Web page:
Conservation Laws - Key terms
A set of principles describing physical properties that remain constant—that is, are conserved—throughout the various processes that occur in the physical world. The most significant of these laws concerns the conservation of energy (as well as, with qualifications, the conservation of mass); conservation of linear momentum; conservation of angular momentum; and conservation of electrical charge.
CONSERVATION OF ANGULAR MOMENTUM:
A physical law stating that when the sum of the external torques acting on a physical system is equal to zero, the total angular momentum of the system remains unchanged. Angular momentum is the momentum of an object in rotational motion, and torque is a force applied around an axis of rotation.
CONSERVATION OF ELECTRICALCHARGE:
A physical law which holds that for an isolated system, the net electrical charge is constant.
CONSERVATION OF ENERGY:
A law of physics stating that within a system isolated from all other outside factors, the total amount of energy remains the same, though transformations of energy from one form to another take place.
CONSERVATION OF LINEAR MOMENTUM:
A physical law stating that when the sum of the external force vectorsacting on a physical system is equal to zero, the total linear momentum of the system remains unchanged—or is conserved.
CONSERVATION OF MASS:
A physical principle stating that total mass is constant, and is unaffected by factors such asposition, velocity, or temperature, in any system that does not exchange any matter with its environment. Unlike the other conservation laws, however, conservation of mass is not universally applicable, but applies only at speeds significant lower than that of light—186,000 mi (297,600 km) per second. Close to the speed of light, mass begins converting to energy.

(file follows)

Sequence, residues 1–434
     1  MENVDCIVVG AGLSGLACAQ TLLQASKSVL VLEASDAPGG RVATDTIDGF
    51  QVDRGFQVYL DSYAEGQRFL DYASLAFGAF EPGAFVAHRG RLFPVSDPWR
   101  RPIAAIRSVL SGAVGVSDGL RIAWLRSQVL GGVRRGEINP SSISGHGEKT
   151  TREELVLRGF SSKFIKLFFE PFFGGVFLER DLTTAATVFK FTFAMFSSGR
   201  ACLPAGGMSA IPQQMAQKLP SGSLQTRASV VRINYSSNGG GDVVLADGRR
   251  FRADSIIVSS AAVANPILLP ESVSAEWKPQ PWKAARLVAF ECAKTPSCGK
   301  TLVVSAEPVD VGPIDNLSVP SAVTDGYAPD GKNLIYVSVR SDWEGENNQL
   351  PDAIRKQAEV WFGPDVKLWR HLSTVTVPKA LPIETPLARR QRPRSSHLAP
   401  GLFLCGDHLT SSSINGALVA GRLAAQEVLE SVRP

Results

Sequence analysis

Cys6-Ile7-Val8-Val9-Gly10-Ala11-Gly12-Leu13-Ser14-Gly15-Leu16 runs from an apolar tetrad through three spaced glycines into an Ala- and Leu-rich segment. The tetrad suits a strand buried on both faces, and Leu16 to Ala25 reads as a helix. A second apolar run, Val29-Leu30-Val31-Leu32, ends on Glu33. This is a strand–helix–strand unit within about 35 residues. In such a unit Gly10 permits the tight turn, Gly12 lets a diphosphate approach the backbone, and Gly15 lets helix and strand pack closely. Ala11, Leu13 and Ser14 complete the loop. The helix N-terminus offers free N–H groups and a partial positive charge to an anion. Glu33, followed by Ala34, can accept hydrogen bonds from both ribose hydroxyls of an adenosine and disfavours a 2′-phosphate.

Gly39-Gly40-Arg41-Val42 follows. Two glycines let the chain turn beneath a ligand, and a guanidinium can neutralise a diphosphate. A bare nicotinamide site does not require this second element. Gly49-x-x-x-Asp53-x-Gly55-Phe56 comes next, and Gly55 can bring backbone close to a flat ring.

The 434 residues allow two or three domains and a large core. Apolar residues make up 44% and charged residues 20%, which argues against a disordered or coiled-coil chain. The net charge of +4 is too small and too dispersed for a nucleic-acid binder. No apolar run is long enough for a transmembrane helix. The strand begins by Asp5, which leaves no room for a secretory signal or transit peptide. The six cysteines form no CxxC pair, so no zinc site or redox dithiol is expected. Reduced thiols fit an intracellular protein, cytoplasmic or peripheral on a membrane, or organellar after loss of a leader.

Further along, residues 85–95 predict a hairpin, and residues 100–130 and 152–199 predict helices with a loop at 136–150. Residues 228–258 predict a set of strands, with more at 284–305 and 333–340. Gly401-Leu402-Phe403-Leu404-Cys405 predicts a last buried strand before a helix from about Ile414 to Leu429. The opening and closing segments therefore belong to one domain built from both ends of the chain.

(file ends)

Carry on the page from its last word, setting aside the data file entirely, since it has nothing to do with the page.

In physics, "to conserve" something means "to result in no net loss of" that particular component. It is possible that within a given system, the component may change form or position, but as long as the net value of the component remains the same, it has been conserved.
The force that resists motion when the surface of one object comes into contact with the surface of another.
A property that a moving body possesses by virtue of its mass and velocity, which determines the amount of force and time required to stop it.
In physics, the term "system" usually refers to any set of physical interactions isolated from the rest of the universe. Anything outside of the system, including all factors and forces irrelevant to a discussion of that system, is known as the environment.